“If you want to find the secrets of the universe, think in terms of energy, frequency and vibration.” - Nikola Tesla
The silver market is always one day from panic. The same could be said for the bond market or the dollar. In the age of electronic price discovery and massive reckless monetary imbalance anything can happen - and it probably will.
It will happen whether by virtue of just in time delivery practices of the user or the massive (and very real short) concentration within the large commercial category of traders on the most important world price discovery exchange.
The lower the price, the less produced; from mining to scrap recycling. It gets worse because the expectations of the future are distorted by the fictions of the present.
One example of this is pension funds that assume a set level of growth to ensure their survival. These numbers are based on a fictional level of GDP growth to begin with, which is based on erroneous estimates of costs for consumption.
The point is that just about everything we believe about our state of economy and money is a fragile fiction. Silver and gold always lead the way for other commodity sectors as the inflation signal for the investment/speculative trading world; despite persistent efforts to 'forget' about their natural monetary status.
Interest rates, CPI, and safe haven flows are key indicators for this group. Every day we should acknowledge that precious metals are a long term hedge against the stupidity of the interventionists. Also, remember the butterfly effect and confidence.
Silver and gold are first and foremost "emergency hedges". Banking and finance in the money for the sake of the money itself.
And yet the money isn't really money - in the true sense of the meaning - any more than the political parties today reflect the true meaning of what they were in days long ago. The control of currency in the name of politics distorts the meaningful movement of capital and savings.
Think about the politics:
What difference does it make? National politicians, with few exceptions, do whatever their handlers tell them. Follow the drunken funny money. Votes 'count' only as a statement of completely irrational and inaccurate world views.
Powerful public relations, marketing, and/or propaganda make it easy to sell large swaths of populace with a story consistent with their world view.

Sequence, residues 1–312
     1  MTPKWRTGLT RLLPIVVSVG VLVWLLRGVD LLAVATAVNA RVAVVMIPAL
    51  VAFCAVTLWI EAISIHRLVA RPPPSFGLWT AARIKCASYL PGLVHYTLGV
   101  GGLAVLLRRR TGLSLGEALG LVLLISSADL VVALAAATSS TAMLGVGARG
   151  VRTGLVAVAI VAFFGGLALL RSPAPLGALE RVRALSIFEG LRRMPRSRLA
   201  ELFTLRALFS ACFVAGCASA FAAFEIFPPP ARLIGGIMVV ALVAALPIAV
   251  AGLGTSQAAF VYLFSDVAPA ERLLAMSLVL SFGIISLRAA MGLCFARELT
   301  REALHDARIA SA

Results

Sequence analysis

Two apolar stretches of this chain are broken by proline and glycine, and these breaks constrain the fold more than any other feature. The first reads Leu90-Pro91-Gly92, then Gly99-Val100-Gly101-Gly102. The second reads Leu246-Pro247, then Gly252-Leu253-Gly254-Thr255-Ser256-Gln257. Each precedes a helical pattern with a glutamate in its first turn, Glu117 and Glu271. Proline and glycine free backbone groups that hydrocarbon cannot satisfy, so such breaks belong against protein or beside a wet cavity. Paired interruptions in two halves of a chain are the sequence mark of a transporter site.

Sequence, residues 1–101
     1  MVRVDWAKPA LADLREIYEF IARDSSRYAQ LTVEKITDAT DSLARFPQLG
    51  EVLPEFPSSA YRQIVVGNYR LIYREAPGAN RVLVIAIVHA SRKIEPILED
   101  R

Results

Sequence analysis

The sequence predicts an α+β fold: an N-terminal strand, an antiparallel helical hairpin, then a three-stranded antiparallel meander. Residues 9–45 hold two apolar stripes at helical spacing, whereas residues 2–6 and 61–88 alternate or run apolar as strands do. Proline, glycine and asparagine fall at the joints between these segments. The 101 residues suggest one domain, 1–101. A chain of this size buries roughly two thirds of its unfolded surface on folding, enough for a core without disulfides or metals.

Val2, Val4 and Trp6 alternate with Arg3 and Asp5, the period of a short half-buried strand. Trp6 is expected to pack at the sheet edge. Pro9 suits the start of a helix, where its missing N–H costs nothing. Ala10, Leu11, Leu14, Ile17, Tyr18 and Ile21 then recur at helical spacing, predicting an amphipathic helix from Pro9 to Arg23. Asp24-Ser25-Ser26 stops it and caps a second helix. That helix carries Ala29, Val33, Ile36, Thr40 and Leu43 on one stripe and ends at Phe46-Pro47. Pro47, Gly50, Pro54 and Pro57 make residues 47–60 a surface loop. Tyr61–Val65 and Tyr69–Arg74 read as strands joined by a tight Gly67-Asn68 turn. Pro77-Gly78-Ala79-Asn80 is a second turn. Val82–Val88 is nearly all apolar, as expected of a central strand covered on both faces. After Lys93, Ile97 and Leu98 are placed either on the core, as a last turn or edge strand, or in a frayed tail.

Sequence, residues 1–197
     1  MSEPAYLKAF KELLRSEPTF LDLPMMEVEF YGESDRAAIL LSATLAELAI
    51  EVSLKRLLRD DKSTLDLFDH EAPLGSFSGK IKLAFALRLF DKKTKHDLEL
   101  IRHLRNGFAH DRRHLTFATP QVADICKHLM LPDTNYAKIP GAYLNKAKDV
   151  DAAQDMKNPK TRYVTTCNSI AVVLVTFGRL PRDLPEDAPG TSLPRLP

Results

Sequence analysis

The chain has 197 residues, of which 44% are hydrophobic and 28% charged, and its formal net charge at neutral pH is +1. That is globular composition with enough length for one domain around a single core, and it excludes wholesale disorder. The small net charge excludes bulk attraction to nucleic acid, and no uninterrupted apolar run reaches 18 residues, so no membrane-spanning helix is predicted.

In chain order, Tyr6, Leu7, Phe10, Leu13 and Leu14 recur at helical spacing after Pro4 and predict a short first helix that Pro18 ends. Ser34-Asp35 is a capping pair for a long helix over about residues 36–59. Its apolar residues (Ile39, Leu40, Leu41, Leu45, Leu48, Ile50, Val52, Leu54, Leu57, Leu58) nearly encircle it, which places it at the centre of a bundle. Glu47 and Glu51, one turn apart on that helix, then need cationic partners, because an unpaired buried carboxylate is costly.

Changing world views can only happen naturally, on its own, and usually as a reaction. But sadly the next shift will come with pain. None of the elite class concerns itself with these issues.
The concern, spawned nearly 100 years ago in the wake of the creation of the Federal Reserve cares about making money for the sake of money. The more risk free, the better. And this is the system they've been able to operate within for generations.
The power that surrounds it is unstoppable except by the forces of nature itself, whether that force comes in the way of natural disaster or the collective will of the starving masses, it will manifest.
Money for the sake of money - the mindset always fails around precious metals and short term valuation. For centuries, precious metals have been an annoyance to this power structure. They can't be traded.
Policy is centered on behavior. Behavior of the masses, but also the behavior within the entire capital complex. They have not been able to fully suppress the prices of metals because there is a physical limit. No matter how often it is denied, there is a severe limit and scarcity associated with the precious metals.
Pushing too far on the price opens up new opportunities for predators. They can’t afford an infestation of longs standing for delivery. Nor can they risk a natural retail flow to physical metal during the next crisis.
But they can look the other way while the speculative longs chase each other over the cliff.
The risk: You risk not being able to obtain metal in spite of lower prices by waiting. Retail availability can dry up very quickly, especially if the government mint restricts production.
The only precious metals dealers will be able to offer is that which they buy across their counter from the public.